Cooperative behaviour has been extensively studied as a choice between cooperation and defection. However, the possibility to not participate is also frequently available. This type of problem can be studied through the optional public goods game. The introduction of the 'Loner' strategy' allows players to withdraw from the game, which leads to a cooperator-defector-loner cycle. While pro-social punishment can help increase cooperation, anti-social punishment - where defectors punish cooperators - causes its downfall in both experimental and theoretical studies. In this paper, we introduce social norms that allow agents to condition their behaviour to the reputation of their peers. We benchmark this with respect both to the standard optional public goods game and to the variant where all types of punishment are allowed. We find that a social norm imposing a more moderate reputational penalty for opting out than for defecting increases cooperation. When, besides reputation, punishment is also possible, the two mechanisms work synergically under all social norms that do not assign to loners a strictly worse reputation than to defectors. Under this latter set-up, the high levels of cooperation are sustained by conditional strategies, which largely reduce the use of pro-social punishment and almost completely eliminate anti-social punishment. This article is part of the theme issue 'The language of cooperation: reputation and honest signalling'.

Reputation and punishment sustain cooperation in the optional public goods game / Podder, S.; Righi, S.; Pancotto, F.. - In: PHILOSOPHICAL TRANSACTIONS - ROYAL SOCIETY. BIOLOGICAL SCIENCES. - ISSN 0962-8436. - 376:1838(2021), pp. 20200293-20200293. [10.1098/rstb.2020.0293]

Reputation and punishment sustain cooperation in the optional public goods game

Righi S.
Membro del Collaboration Group
;
Pancotto F.
Membro del Collaboration Group
2021

Abstract

Cooperative behaviour has been extensively studied as a choice between cooperation and defection. However, the possibility to not participate is also frequently available. This type of problem can be studied through the optional public goods game. The introduction of the 'Loner' strategy' allows players to withdraw from the game, which leads to a cooperator-defector-loner cycle. While pro-social punishment can help increase cooperation, anti-social punishment - where defectors punish cooperators - causes its downfall in both experimental and theoretical studies. In this paper, we introduce social norms that allow agents to condition their behaviour to the reputation of their peers. We benchmark this with respect both to the standard optional public goods game and to the variant where all types of punishment are allowed. We find that a social norm imposing a more moderate reputational penalty for opting out than for defecting increases cooperation. When, besides reputation, punishment is also possible, the two mechanisms work synergically under all social norms that do not assign to loners a strictly worse reputation than to defectors. Under this latter set-up, the high levels of cooperation are sustained by conditional strategies, which largely reduce the use of pro-social punishment and almost completely eliminate anti-social punishment. This article is part of the theme issue 'The language of cooperation: reputation and honest signalling'.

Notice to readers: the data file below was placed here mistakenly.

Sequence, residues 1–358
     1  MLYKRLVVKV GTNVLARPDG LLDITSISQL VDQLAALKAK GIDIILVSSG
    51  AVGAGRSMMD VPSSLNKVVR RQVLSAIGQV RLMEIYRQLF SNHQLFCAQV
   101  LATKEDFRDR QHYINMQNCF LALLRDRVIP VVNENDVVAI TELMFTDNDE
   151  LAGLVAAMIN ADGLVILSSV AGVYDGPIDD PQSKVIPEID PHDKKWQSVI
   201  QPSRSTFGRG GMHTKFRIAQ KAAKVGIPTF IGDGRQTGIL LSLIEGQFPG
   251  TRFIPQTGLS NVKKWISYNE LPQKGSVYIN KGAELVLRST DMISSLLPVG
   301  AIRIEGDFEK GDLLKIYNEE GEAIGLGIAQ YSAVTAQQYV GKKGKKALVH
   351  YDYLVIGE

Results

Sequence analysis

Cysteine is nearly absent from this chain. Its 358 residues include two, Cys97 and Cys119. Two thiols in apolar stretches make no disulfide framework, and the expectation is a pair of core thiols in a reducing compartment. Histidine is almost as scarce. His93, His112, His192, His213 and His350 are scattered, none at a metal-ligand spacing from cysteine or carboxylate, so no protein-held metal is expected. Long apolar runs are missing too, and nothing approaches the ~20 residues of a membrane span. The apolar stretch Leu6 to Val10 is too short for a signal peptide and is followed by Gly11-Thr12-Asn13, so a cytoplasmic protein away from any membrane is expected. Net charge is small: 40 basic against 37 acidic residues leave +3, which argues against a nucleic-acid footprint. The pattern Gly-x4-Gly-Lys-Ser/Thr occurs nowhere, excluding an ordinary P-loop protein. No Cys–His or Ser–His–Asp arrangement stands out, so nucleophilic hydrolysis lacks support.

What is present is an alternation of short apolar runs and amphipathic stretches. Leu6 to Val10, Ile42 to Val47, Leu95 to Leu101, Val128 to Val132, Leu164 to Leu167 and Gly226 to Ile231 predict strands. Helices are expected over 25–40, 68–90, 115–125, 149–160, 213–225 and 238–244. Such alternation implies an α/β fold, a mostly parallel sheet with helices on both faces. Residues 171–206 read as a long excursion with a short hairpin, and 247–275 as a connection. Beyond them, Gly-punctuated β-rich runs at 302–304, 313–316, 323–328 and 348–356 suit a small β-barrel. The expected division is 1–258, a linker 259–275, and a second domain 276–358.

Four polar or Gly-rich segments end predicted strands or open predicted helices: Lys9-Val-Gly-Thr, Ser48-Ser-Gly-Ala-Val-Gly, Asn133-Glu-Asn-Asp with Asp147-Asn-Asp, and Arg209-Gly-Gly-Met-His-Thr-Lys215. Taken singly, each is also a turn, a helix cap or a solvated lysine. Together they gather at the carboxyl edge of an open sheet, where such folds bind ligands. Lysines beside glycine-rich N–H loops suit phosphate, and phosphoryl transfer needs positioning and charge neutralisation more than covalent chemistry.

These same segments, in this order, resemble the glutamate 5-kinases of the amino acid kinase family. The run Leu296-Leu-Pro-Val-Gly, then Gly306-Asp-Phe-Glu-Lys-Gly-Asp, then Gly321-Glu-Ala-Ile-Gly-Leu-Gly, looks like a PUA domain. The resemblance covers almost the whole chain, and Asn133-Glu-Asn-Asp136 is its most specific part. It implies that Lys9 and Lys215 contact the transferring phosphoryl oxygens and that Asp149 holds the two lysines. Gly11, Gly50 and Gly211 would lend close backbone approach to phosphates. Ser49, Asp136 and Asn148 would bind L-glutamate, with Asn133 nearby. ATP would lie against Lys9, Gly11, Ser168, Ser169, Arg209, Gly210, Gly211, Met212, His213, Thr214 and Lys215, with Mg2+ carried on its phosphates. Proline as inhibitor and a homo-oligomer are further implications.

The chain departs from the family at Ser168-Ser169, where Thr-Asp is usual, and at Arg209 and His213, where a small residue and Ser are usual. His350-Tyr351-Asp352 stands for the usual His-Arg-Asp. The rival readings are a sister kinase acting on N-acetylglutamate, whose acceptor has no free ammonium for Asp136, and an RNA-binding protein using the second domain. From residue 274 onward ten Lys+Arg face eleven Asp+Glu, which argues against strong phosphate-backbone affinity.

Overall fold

2021
376
1838
20200293
20200293
Reputation and punishment sustain cooperation in the optional public goods game / Podder, S.; Righi, S.; Pancotto, F.. - In: PHILOSOPHICAL TRANSACTIONS - ROYAL SOCIETY. BIOLOGICAL SCIENCES. - ISSN 0962-8436. - 376:1838(2021), pp. 20200293-20200293. [10.1098/rstb.2020.0293]
Podder, S.; Righi, S.; Pancotto, F.
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Utilizza questo identificativo per citare o creare un link a questo documento: https://hdl.handle.net/11380/1266019
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